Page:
ClientEarth sues FCA over inadequate climate disclosure
What’s happening? Non-profit ClientEarth has filed a case against the UK’s Financial Conduct Authority (FCA), accusing it of acting unlawfully in approving oil and gas firm Ithaca Energy’s prospectus. ClientEarth said Ithaca Energy’s disclosures do not adequately explain climate-related risks or how significant these risks are. The FCA’s inability to spot this omission is problematic due to the company’s plan to develop new fossil fuel assets, the ClientEarth lawyers said. Investors are able to make more informed decisions by making use of climate risk disclosures from companies, ClientEarth said. (ESGClarity)
Why does this matter? ClientEarth often takes legal action against companies regarding their failure to act on climate change – for instance, earlier in the month ClientEarth filed a lawsuit against the Board of Directors at Shell for failing to manage the climate risks faced by the company. However, this is the first time ClientEarth has taken legal action against a regulator for failing in their duties.
Stranded asset risk – The FCA is unable to approve a prospectus unless it fulfils the criteria of the UK’s prospectus regulation. These rules require companies to disclose all relevant risks to investors. ClientEarth has said that Ithaca Energy’s plan to develop new oil and gas projects, including the Cambo and Rosebank oil fields in the North Sea, presents risks to investors due to carbon lock-in and stranded assets.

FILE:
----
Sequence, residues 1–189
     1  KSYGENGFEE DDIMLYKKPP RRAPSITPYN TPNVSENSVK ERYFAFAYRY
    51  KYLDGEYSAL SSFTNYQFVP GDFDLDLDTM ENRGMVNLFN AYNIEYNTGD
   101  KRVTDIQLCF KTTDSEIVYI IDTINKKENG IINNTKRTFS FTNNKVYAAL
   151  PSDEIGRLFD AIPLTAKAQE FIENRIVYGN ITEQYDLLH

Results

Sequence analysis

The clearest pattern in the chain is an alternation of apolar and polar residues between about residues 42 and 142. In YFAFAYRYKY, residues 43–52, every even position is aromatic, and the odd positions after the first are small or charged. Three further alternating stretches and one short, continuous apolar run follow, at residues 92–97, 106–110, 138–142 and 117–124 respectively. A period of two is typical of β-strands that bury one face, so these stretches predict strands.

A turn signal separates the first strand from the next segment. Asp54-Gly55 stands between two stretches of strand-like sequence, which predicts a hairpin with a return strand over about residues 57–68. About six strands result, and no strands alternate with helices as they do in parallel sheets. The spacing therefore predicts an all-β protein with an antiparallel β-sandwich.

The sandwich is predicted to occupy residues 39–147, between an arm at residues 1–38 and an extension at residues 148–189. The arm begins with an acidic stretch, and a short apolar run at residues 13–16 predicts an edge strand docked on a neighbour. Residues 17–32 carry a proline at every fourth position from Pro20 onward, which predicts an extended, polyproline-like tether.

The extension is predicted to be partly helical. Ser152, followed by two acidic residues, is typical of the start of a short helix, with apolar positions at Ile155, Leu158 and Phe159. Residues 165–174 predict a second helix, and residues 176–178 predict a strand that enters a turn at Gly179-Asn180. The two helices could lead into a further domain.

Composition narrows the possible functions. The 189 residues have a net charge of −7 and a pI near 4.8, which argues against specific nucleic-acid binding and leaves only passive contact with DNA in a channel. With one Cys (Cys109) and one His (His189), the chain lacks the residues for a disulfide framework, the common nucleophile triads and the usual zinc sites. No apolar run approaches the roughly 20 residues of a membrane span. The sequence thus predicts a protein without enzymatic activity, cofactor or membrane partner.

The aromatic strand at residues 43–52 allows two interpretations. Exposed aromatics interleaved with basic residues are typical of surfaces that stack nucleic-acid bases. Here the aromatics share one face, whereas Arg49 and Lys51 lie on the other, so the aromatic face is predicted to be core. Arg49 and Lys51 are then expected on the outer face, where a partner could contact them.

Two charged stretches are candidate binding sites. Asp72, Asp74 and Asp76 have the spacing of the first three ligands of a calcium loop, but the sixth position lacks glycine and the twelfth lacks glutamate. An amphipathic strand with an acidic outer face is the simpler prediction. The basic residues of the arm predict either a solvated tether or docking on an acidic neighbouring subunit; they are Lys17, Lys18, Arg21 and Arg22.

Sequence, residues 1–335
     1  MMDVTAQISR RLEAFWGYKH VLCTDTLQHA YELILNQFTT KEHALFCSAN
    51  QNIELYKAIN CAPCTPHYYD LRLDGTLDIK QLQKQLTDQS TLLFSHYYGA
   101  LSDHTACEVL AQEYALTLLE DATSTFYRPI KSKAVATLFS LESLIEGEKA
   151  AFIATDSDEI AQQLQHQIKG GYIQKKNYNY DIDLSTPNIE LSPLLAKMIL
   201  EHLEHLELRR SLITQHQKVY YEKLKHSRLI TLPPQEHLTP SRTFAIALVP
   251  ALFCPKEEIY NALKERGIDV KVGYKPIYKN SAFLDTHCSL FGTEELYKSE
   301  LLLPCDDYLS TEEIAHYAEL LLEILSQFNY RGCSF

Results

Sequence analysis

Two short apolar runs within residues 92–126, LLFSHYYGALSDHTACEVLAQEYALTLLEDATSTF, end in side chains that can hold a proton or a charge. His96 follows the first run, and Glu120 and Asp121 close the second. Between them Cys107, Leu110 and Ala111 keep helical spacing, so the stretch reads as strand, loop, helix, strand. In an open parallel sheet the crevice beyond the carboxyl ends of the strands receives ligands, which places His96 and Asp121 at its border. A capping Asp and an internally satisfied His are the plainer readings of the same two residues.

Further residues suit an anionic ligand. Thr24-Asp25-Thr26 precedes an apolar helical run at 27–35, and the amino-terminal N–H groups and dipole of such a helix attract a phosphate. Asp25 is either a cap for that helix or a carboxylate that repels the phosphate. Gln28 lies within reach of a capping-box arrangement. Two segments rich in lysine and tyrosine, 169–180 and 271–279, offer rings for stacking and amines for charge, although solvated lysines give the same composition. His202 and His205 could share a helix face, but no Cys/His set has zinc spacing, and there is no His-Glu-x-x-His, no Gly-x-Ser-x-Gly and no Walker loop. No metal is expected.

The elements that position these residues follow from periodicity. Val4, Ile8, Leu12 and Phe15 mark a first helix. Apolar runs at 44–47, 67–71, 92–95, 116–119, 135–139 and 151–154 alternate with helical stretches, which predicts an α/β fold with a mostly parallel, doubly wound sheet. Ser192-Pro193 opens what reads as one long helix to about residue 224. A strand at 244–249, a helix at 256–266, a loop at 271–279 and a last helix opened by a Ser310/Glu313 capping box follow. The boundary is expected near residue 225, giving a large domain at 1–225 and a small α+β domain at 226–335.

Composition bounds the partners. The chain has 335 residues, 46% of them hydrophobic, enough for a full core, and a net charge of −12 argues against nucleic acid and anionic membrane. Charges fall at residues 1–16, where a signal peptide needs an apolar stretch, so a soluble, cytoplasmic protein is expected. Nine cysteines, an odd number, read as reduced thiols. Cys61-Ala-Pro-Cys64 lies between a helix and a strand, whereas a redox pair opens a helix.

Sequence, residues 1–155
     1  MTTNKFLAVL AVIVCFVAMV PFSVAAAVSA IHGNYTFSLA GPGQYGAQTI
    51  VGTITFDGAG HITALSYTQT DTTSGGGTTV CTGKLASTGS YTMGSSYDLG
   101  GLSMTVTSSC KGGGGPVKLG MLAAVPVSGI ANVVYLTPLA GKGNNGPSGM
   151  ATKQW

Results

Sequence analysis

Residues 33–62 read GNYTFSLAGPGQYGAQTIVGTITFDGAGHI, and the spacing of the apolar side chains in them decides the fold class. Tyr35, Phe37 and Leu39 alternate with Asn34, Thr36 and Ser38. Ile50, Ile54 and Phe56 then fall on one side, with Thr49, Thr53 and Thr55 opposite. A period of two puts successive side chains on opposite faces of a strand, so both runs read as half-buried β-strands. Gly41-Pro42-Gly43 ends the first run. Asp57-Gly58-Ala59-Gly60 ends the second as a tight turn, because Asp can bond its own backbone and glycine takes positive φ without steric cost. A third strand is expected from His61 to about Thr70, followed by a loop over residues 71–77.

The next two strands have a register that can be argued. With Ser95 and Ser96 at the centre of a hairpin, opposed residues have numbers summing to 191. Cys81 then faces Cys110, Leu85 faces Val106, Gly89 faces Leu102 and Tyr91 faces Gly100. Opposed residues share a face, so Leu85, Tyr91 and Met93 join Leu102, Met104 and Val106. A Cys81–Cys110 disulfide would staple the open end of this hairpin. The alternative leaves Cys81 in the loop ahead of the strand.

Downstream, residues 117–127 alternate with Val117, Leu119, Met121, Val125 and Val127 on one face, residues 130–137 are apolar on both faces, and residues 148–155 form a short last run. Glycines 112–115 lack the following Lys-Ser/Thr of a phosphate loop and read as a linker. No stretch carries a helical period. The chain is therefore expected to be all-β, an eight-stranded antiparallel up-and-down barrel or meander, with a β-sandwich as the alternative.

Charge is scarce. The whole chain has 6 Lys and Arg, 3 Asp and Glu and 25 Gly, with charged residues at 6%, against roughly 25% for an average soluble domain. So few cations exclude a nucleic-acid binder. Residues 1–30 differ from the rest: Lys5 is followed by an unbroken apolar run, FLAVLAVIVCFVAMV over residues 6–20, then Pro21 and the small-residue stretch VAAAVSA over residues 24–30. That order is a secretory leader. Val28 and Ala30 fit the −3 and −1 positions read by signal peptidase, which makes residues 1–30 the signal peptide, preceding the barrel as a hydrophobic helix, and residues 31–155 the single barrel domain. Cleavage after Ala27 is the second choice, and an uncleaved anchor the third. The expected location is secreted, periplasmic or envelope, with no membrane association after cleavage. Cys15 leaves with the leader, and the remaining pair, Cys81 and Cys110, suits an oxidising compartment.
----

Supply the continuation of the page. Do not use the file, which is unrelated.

A report has previously estimated that more than $1tn in profits could be lost from stranded fossil fuel assets. Additionally, a report from the International Institute for Sustainable Development has said that the development of new oil and gas fields is not compatible with the 1.5C target set by the Paris Agreement.
Despite these risks linked with its activities, Ithaca Energy does not properly explain them in its prospectus, ClientEarth said. Failing to provide this information as well as information on how the company’s business will be affected by the achievement of the Paris Agreement prevents investors from making an informed assessment of how Ithaca will be affected by the net zero transition, the group added.
Investors demand action – Providing this information is vital, particularly since some investors such as Sarasin & Partners have said they will vote against company directors and auditors where there is insufficient action to align operations and strategies with a 1.5C pathway. Additionally, Rathbones Investment Management has said that ensuring company accounts are aligned with a 1.5C future is a critical part of its commitment to become a net zero investor.
Rise in climate lawsuits – Environmental activists have increasingly been using legal action to drive change at companies, governments and now regulators. The number of climate lawsuits filed globally has more than doubled since 2015, according to the London School of Economics.
In June 2022, Friends of the Earth and ClientEarth challenged the European Commission over plans to fast-track 30 gas projects worth a total €13bn ($14bn). The NGOs claimed that methane emissions from the schemes were not considered, breaking EU climate laws.